The Man Who Knew Mozart

He went to Pennsylvania in hope of getting his hands on some of his in-laws’ money.

Da Ponte never did see any Grahl money. When old John Grahl died, his son Peter managed the estate so badly there was soon nothing left. When Nancy’s sister died, she left money to Nancy and the five Da Ponte children but not a cent to Lorenzo. She obviously recognized his talent for losing money. Years later Da Ponte kept her memory alive in his Memoirs with invective and insinuation.

In 1818 Da Ponte moved to Philadelphia. A letter from Nancy to Charles Hall dated June 12, 1819, says, “Mr. Da Ponte has a very good prospect in this city but the expenses are great. …” The “good prospect” never materialized, and by the end of the year Da Ponte was back in New York.

He was seventy years old. He had two serious accidents on the road between Sunbury and Philadelphia but was lucky enough to receive treatment for his broken bones from the American medical pioneers, Dr. Philip Syng Physick and Dr. Benjamin Smith Barton, and his health was now excellent. Friends like Moore had been sending small loans and urging him to take up teaching again. When Da Ponte arrived back in New York, he donated sixty volumes of Italian classics to the New York Public Library. They became the foundation of the country’s first Italian collection. He enrolled his son Joseph at Columbia College and began the work of recruiting new pupils.

Da Ponte returned to a New York markedly different from the one he had left eight years before. For one thing, there were many more Italian émigrés, and several of them were making their living by teaching their native language. They couldn’t help looking upon Da Ponte as a serious rival, so he blamed one of them when a libelous anonymous pamphlet was circulated to the parents of his pupils. The pamphlet accused Da Ponte of, among other things, ill-treating and starving to death one of his former students—a young woman who Da Ponte was quickly able to prove was alive and the mother of five children.

New York had now become something of a cultural capital, home to writers and artists such as James Fenimore Cooper, Samuel F. B. Morse (who later painted a portrait of Da Ponte), Richard Henry Dana, and William Cullen Bryant. Da Ponte flourished, and his sense of purpose as chief spokesman for Italian culture in America seems to have been fully restored. In 1821, when King George IV of England brought a divorce action against his queen, naming an Italian as one of her lovers, a New York City councilman tried to defend the queen in print by violently attacking the character and accomplishments of Italy. Da Ponte hired a public lecture room to blast back. In front of what one daily newspaper called “one of the most numerous assemblages of wit and fashion which ever graced a lecture room in this city,” Da Ponte spoke eloquently about Italian art, poetry, and music.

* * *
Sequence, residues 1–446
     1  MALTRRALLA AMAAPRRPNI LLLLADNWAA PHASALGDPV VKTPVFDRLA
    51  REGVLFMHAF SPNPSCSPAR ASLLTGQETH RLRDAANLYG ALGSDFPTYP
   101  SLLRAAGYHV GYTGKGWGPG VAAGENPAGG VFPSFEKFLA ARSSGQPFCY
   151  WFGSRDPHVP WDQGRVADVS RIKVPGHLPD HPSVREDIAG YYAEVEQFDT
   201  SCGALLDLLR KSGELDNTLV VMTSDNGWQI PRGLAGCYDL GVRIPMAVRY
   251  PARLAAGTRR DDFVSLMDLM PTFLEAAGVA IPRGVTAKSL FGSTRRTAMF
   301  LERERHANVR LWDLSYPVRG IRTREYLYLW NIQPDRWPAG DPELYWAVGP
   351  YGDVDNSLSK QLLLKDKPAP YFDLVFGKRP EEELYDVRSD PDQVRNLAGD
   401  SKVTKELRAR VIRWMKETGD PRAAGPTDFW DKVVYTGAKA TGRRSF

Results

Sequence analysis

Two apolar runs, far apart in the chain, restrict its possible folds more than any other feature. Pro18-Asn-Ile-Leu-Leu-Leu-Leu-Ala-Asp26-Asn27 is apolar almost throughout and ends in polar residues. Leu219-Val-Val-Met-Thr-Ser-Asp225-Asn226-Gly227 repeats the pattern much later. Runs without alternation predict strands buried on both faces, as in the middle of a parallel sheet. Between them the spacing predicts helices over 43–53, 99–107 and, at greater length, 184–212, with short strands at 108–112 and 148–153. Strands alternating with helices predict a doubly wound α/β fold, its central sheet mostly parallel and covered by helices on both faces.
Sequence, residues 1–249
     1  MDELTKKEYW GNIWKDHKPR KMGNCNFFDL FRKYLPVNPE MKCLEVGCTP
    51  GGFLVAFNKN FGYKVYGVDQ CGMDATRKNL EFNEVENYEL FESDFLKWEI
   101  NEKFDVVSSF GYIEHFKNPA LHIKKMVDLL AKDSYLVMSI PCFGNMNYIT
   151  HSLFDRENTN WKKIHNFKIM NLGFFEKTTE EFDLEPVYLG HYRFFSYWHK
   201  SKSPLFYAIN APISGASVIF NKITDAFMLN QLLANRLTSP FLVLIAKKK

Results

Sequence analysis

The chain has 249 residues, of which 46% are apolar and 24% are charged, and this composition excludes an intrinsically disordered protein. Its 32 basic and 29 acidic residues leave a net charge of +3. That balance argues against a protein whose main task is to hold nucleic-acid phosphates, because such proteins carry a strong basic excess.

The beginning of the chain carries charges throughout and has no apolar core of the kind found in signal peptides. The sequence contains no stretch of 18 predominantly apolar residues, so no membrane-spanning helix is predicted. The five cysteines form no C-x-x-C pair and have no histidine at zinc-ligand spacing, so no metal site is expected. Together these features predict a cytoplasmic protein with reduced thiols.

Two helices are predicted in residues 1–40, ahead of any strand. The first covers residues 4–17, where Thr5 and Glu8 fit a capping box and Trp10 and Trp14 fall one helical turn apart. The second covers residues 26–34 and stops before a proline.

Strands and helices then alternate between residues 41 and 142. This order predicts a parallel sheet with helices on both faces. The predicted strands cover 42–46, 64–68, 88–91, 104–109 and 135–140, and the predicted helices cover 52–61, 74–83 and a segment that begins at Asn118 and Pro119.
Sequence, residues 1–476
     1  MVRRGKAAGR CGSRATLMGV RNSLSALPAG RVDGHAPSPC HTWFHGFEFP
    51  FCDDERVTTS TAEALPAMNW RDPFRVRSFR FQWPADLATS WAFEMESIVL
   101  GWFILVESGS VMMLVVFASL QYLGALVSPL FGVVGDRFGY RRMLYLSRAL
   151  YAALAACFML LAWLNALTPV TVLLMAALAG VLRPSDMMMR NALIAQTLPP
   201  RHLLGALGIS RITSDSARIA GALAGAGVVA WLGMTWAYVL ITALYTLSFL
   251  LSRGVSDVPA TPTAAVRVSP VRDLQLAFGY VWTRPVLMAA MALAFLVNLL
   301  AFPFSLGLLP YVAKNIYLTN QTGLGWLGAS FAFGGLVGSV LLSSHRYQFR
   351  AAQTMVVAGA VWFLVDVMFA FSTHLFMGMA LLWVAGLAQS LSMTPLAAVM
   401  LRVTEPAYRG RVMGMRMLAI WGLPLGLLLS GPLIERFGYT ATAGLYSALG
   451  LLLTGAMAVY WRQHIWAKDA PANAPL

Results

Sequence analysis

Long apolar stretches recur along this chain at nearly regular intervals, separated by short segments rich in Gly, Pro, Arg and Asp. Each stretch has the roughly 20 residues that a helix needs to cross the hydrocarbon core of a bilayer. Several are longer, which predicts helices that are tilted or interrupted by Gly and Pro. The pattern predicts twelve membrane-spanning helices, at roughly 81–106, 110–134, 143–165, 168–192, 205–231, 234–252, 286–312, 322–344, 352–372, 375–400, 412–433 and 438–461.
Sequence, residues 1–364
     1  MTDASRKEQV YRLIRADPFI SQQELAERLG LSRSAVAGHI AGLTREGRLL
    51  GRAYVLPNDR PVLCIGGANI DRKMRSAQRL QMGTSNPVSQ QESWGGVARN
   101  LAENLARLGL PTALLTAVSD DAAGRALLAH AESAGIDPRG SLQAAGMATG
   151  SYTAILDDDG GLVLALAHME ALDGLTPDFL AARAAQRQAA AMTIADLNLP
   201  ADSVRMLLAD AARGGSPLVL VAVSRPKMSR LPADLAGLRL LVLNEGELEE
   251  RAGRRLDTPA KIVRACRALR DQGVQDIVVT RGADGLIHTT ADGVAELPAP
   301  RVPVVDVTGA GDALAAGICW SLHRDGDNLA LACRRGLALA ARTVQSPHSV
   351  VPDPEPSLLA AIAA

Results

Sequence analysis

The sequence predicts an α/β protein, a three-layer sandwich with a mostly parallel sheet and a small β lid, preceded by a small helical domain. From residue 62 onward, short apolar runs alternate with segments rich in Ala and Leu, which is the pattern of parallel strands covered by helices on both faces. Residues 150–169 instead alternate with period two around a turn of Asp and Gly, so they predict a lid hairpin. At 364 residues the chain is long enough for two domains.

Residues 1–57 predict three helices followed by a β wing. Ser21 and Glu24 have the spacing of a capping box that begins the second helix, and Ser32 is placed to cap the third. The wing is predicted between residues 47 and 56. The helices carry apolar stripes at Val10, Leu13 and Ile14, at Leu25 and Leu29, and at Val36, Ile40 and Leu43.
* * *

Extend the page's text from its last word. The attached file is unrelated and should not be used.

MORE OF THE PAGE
“I was, as may be believed, at the peak of happiness when the bitterest of human disasters plunged my family into despair and tears,” Da Ponte wrote in his Memoirs . His son Joseph fell ill with consumption and died in June 1821 at the age of twenty. Unable to continue his classes, Da Ponte was invited by John R. Livingston, the father of one of his pupils, to spend some time at his summer home on the Hudson. There Da Ponte read Byron’s “The Prophecy of Dante,” which had just been published. He later wrote, “A certain analogy which, allowing for due proportions, I seemed to find between Dante’s vicissitudes and my own gave me the desire to translate that work into Italian verse.” His Italian translation, one of the first ever made of Byron’s work into another language, was published in New York at the end of 1821. It was highly praised in Italy, but whether the poet himself ever saw it is not known.

Da Ponte’s next important books were his four volumes of Memoirs , published in New York, in Italian, between 1823 and 1827. He had begun writing them in 1807, partly to better establish himself as a literary and cultural personage and partly to provide a textbook that his students would be required to buy and read. He had also been eager to settle a few scores.

These decidedly mixed motives produced a very odd narrative, almost totally unreliable as history and recounted in a whining tone that combines self-congratulation with paranoia His work with Mozart (whose name he almost continuously misspells as “Mozzart”) gets extremely short shrift; the Irish singer Michael Kelly, who had no literary pretensions and employed a ghost for his own memoirs, tells us much more about Mozart and the first performances of Figaro than does Da Ponte, who wrote its libretto. Yet the Memoirs are often curiously moving. In the words of Arthur Livingston, they show Da Ponte “ever in the strange predicament of being as honest at heart as he was shrewd and scheming of will.” The struggle between heart and will is present on every page of the Memoirs , and more often than not, the scheming will wins.

On September 5, 1825, Da Ponte was appointed professor of Italian at Columbia College—the first person to hold that title. The Moores helped him get it, and though he was proud of the honor, he soon found it to be largely ceremonial. Like most language professorships at the time, it carried with it no salary; he still had to go out and recruit paying pupils.